Route (click)

We parked our cars in Morrisons and caught the 0923 bus to Llanelli which went via Llansaint - a free ride courtesy of our bus passes.

This route would all be new to me as I had never been to Llansaint before and had not walked on this side of the Tywi estuary either.

The village of Llansaint put me in my mind of a small Cornish fisherman's village with narrow streets and cwtched in around the church. The history board shows the village was famous for its cockle women despite it being on a hill and a fair way to the sea.

A potted history can be found on the link below.

Llansaint (Click)

We were on the look out for the Wales Coast Path logo, which on the whole were visible on the route but with a number of annoying omissions.

Our first stretch took us along a path leading to Pengay Farm which had an impressive bell in the courtyard gateway - mention of this in the wiki notes above.

Looking out to sea we had views of the Gower and Worm's Head and carried on along footpaths which lead into a hidden valley and then on to Ferryside  and its beach.

Ferryside (Click)

In days gone by one could catch a ferry to Llansteffan on the other side of the estuary where there are fine remains of a castle.

In Ferryside there is a wooden carving celebrating those who fished using a seine net.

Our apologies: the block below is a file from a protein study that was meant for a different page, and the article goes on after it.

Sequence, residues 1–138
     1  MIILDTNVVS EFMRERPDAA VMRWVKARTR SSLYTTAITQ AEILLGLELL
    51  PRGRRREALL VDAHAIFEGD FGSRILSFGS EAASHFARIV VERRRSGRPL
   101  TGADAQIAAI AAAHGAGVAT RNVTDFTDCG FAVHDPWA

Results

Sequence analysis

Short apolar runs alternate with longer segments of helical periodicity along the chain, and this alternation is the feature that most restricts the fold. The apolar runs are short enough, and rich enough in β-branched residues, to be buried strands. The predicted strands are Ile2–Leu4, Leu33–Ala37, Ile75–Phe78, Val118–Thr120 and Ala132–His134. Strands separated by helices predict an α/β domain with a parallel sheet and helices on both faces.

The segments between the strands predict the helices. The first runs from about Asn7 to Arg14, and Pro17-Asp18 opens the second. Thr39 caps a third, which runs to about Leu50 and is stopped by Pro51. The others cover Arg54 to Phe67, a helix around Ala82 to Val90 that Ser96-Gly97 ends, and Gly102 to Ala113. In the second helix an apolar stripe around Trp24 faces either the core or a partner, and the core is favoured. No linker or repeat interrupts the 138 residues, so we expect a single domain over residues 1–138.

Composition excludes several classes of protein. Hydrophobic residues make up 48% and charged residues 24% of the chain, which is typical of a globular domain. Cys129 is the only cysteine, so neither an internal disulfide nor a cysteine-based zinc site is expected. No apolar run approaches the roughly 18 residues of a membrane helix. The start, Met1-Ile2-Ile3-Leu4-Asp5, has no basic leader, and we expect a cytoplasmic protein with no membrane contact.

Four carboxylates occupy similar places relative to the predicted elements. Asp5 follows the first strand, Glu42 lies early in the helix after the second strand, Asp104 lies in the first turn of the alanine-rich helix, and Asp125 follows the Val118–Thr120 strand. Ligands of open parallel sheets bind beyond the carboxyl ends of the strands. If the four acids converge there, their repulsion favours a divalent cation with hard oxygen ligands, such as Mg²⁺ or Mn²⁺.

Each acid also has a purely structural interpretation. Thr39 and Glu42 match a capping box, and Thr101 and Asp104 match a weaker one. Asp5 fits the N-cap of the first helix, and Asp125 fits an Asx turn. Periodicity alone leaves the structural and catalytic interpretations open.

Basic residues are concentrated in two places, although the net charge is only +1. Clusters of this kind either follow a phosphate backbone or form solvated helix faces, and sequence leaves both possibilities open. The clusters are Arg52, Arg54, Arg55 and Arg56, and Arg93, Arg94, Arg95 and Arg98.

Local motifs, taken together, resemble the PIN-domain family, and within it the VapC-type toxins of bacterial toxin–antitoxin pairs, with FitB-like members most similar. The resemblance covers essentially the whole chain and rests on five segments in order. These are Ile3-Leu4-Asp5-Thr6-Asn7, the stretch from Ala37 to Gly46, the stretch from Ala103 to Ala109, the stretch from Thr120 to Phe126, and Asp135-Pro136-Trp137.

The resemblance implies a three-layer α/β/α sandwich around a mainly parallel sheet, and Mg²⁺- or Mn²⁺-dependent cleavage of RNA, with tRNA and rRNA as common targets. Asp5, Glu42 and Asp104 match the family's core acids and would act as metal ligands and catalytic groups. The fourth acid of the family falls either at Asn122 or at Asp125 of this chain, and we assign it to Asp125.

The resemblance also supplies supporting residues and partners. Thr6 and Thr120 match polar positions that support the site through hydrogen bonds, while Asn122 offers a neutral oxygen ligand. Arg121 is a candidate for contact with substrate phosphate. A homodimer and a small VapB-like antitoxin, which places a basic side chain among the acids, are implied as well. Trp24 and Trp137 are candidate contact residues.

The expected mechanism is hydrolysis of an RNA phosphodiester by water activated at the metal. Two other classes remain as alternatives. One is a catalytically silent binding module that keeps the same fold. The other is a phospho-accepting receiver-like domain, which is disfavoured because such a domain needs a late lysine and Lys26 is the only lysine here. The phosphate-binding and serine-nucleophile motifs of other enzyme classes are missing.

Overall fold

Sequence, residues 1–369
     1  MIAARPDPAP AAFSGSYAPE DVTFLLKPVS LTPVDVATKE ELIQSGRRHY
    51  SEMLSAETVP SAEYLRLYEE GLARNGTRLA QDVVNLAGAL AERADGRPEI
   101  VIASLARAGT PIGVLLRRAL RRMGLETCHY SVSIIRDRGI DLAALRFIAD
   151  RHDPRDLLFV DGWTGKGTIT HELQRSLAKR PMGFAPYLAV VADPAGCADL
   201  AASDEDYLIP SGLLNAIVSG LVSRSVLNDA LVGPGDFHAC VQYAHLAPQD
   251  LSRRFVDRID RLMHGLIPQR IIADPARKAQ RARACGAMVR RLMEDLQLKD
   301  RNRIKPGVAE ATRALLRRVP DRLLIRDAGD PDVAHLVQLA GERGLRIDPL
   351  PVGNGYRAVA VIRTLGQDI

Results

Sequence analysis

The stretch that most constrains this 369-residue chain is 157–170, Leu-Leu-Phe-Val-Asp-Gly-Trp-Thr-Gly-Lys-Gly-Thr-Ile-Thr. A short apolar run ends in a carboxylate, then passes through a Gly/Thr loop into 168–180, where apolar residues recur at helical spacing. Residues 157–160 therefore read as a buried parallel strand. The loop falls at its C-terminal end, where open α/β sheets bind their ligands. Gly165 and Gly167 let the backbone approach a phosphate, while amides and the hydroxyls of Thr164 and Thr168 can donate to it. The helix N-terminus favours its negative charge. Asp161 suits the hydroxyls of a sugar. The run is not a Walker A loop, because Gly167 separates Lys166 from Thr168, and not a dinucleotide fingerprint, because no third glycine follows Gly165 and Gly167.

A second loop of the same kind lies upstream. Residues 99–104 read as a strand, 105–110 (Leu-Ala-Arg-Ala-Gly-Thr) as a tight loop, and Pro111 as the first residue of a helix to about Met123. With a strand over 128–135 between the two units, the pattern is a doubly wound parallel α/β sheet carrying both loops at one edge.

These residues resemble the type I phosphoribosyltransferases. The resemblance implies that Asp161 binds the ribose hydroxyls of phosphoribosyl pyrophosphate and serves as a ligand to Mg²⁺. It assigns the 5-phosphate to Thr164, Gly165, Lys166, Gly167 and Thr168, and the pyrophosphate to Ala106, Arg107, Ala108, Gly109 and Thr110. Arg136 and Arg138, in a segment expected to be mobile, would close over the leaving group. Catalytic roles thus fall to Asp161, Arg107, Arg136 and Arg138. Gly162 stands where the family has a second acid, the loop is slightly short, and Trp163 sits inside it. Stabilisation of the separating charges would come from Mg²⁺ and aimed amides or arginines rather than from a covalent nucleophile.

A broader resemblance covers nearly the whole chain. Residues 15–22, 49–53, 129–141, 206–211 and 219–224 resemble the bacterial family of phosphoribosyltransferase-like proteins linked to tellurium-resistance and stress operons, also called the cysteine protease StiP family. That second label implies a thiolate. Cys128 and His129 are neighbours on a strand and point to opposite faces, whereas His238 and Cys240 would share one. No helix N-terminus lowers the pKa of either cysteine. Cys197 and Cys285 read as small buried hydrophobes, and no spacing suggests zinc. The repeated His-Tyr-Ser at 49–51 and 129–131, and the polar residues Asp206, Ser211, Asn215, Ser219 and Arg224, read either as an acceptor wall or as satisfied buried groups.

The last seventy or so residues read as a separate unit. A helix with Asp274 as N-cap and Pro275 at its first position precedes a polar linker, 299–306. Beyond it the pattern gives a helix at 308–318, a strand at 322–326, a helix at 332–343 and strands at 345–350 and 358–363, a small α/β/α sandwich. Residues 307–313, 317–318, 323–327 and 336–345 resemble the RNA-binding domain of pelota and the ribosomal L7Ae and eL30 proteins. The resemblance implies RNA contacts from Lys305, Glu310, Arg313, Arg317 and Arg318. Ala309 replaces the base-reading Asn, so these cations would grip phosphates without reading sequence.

Our walk continued along a quiet lane and footpath to join another lane near Cwmburry.  This lane was followed  to the ruined farm of Pentrecwm and into the woods where the map shows "Hydraulic Ram". This was either some experiment to do with sheep or more likely water, but we did not see it.

On we went through Towy Castle now a care home and no evidence of a castle.  There were some expensive cars in the car park and if belonging to the owners I cannot see my sons placing me here!

At the end of the footpaths we came across the most attractive style I have seen, probably because it leads into a garden, but it is the path.

We came across a place name and an adjacent warning sign which made me chuckle.

More footpaths, some quite muddy, led us to a green lane  and eventually to a minor road which led us to Croesyceilog and then back to our cars on the outskirts of Carmarthen.

Not a bad test for the knee as the distance was about 10 miles and the ground was quite rough in places with some ups and downs.  We are off to Brecon area on Thursday for further testing!